Emmet.— I have a recollection of having read them before, and if that recollection be right, they are resolutions that have been passed by an individual society at Belfast, and were seized at the arrests of Barrett, Burnside and others.
Mr. Alexander.—They are the same.
Emmet—Then I hope the Committee will draw no inference from them, as to the views of the executive or of the whole body. You know the North well, and that every man there turns his mind more or less on speculative politics ;
but certainly the opinion of a few of the least informed among them cannot be considered as influencing the whole.
Mr. J. C. Beresford.—Ay, but would you be able to make such people give up their own opinion to follow yours?
Emmet.-I am convinced we should, because I know we have done it before, on points where their opinions and wishes were very strong.
Mr. Alexander.-How did you hope to hold the people in order and good conduct when the reins of government were loosened ?
Emmet.-By other equally powerful reins. It was for this purpose I considered the promoting of organization to be a moral duty. Having no doubt that a revolution would and will take place, unless prevented by removing the national grievances, I saw in the organization the only way of preventing its being such as would give the nation lasting causes of grief and shame. Whether there be organization or not, the revolution will take place, but if the people be classed and arranged for the purpose, the control which heads of their own appointment will have over them, by means of the different degrees of representation and organs of communication, will, I hope, prevent them from committing those acts of outrage and cruelty which may be expected from a justly irritated, but ignorant and uncontroled populace.
Mr. Alexander.—But do you think there were in the Union such organs of communication as had an influence over the lower orders, and were at the same time fit to communicate and do business with persons of a better condition ?
Emmet.-I am sure there were multitudes of extremely shrewd and sensible men, whose habits of living were with the lower orders, but who were perfectly well qualified for doing business with persons of any condition.
Speaker.—You say the number of United Irishmen is five hundred thousand-do you look upon them all as fighting men ?
Emmet.—There are undoubtedly some old men and some young lads among them, but I am sure I speak within bounds when I say the number of fighting men in the Union cannot be less than three hundred thousand.
Speaker ---I understand, according to you, the views of the United Irish went to a Republic, and separation from England, but that they would probably have compounded for a reform in Parliament. Am I not right, however, to understand that the object next their hearts was a separation and a republic ?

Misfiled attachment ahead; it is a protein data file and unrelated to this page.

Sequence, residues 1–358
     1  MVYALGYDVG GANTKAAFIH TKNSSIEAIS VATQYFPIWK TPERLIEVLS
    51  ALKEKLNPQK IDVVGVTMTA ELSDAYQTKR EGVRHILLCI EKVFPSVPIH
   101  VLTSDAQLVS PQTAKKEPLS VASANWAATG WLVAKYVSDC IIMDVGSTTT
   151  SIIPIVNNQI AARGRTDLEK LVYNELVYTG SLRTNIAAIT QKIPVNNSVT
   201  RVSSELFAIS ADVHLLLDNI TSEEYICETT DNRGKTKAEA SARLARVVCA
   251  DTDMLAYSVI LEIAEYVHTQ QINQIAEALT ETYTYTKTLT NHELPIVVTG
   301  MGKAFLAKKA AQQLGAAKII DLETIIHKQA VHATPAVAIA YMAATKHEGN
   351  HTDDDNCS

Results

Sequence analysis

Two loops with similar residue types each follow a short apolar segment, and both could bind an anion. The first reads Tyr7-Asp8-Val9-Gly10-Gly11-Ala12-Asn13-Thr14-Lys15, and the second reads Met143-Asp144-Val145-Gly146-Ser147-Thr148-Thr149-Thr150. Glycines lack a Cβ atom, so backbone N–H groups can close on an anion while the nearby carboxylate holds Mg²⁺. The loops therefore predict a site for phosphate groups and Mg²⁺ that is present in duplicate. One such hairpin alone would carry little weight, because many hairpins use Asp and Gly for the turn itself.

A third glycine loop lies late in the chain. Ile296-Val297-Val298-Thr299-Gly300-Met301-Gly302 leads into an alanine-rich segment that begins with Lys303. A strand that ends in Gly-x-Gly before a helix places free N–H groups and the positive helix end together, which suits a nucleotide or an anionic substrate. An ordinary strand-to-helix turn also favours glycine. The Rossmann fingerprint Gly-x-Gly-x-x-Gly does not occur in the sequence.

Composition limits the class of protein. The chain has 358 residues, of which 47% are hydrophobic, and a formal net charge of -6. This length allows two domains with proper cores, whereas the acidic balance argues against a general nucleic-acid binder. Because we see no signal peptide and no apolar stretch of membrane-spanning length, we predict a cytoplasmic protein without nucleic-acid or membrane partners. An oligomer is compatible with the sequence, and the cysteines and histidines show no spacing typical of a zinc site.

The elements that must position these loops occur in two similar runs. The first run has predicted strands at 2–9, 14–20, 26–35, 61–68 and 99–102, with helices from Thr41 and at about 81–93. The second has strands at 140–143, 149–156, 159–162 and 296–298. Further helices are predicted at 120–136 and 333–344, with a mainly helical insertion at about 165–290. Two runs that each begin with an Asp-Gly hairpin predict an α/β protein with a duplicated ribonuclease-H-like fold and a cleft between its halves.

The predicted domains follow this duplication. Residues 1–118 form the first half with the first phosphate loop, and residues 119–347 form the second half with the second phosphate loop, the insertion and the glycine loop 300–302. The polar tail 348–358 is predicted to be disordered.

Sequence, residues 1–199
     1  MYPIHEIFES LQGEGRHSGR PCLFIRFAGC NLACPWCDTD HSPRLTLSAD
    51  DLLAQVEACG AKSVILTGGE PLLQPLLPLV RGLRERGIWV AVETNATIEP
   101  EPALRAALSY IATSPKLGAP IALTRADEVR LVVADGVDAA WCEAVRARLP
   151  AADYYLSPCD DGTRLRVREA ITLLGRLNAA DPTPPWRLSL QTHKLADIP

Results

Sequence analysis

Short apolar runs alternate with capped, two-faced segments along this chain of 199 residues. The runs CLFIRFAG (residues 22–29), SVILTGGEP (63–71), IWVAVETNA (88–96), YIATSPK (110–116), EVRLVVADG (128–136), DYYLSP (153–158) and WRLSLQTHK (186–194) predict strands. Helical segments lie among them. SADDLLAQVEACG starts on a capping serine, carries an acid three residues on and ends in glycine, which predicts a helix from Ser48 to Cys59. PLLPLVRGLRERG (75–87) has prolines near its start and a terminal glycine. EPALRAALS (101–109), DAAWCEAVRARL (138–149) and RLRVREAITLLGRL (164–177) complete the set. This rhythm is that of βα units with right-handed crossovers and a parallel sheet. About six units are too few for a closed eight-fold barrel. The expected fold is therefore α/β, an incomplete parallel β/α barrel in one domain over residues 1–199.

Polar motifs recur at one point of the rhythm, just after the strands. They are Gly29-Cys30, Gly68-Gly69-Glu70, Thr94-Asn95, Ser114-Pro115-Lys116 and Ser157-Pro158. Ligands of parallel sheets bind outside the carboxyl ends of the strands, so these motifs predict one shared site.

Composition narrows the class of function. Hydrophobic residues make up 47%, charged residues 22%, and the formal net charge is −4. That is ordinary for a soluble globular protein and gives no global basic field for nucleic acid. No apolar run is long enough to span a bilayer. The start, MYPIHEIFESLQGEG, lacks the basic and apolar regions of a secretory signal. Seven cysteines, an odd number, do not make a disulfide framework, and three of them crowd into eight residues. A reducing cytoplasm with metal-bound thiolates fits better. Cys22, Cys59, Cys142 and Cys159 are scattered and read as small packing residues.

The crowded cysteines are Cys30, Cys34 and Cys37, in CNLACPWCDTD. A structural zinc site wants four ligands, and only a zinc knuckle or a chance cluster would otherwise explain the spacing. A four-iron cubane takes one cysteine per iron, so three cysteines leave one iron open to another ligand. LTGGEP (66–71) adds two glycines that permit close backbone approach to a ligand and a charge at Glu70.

Emmet--Pardon me, the object next their hearts was a redress of their grievances ; two modes of accomplishing that object presented themselves to their view, one was a reform by peaceable means, the other was a revolution and a republic. I
have no doubt that if they could flatter themselves that the object next their hearts would be accomplished peaceably by a reform, they would prefer it infinitely to a revolution and republic, which must be more bloody in their operation, but I am also convinced, when they saw they could not accomplish the object next their hearts, a redress of their grievances, by a reform, they determined in despair to procure it by a revolution, which I am persuaded is inevitable, unless a reform be granted.
Speaker.-You say that a revolution is inevitable unless a reform be granted ; what would be the consequences of such a reform in redressing what you call the grievances of the people ?
Emmet.—In the first place I look to the abolition of tithes. I think a reformed legislature would also produce an amelioration of the state of the poor, and a diminution of the rents of lands would establish a system of national education, and would regulate the commercial intercourse between Great Britain and Ireland, on the footing of perfect equality, and correct the bloody nature of your criminal code.
Speaker. You speak of the abolition of tithes, do you include in that the destruction of the Establishment ?
Emmet.—I have myself no doubt of the Establishment's being injurious, and I look to its destruction, but I cannot undertake to say how far the whole of that measure is contemplated by the body of the people, because I have frequently heard an acreable tax proposed as a substitute, which necessarily supposes the preservation of this Establishment.
Speaker .-Don't you think the Catholics peculiarly object to tithes ?
Emmet.— They certainly have the best reason to complain, but I rather think they object as tenants more than as Catholics ; and in common with the rest of the tenantry of the kingdom; and if any other way of paying even a Protestant Establishment, which did not bear so sensibly on their industry, were to take place, I believe it would go a great way to content them, though, I confess, it would not content me; but I must add that I would (and I am sure so would many others who think of establishments like me,) consent to give the present incumbents equivalent pensions.
Lord Castlereagh.—Don't you think the Catholics look to the accomplishing the destruction of the Establishment ?
Emmet.-- From the declaration they made in 1792, or 1793,